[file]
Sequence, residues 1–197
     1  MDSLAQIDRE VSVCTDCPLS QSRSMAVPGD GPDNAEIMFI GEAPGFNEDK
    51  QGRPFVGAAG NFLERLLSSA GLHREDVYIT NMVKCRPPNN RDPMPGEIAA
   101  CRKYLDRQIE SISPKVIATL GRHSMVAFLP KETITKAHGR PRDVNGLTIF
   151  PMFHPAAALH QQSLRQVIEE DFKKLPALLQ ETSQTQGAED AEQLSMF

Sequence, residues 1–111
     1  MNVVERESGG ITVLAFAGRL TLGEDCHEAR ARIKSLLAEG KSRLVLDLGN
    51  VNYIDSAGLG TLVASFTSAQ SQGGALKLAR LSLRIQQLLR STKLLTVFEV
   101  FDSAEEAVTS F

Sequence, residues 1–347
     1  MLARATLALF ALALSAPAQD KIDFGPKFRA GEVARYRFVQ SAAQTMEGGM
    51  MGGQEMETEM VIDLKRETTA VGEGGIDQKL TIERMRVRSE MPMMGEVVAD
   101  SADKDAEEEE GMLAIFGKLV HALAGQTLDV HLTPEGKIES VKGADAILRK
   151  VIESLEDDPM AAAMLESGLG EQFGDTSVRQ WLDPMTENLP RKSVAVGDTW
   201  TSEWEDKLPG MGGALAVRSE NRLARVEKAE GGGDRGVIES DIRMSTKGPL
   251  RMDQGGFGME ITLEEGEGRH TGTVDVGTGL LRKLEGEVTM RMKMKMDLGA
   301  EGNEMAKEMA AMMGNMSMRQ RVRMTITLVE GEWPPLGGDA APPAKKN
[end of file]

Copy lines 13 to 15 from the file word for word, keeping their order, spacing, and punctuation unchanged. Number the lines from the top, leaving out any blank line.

   101  SADKDAEEEE GMLAIFGKLV HALAGQTLDV HLTPEGKIES VKGADAILRK
   151  VIESLEDDPM AAAMLESGLG EQFGDTSVRQ WLDPMTENLP RKSVAVGDTW
   201  TSEWEDKLPG MGGALAVRSE NRLARVEKAE GGGDRGVIES DIRMSTKGPL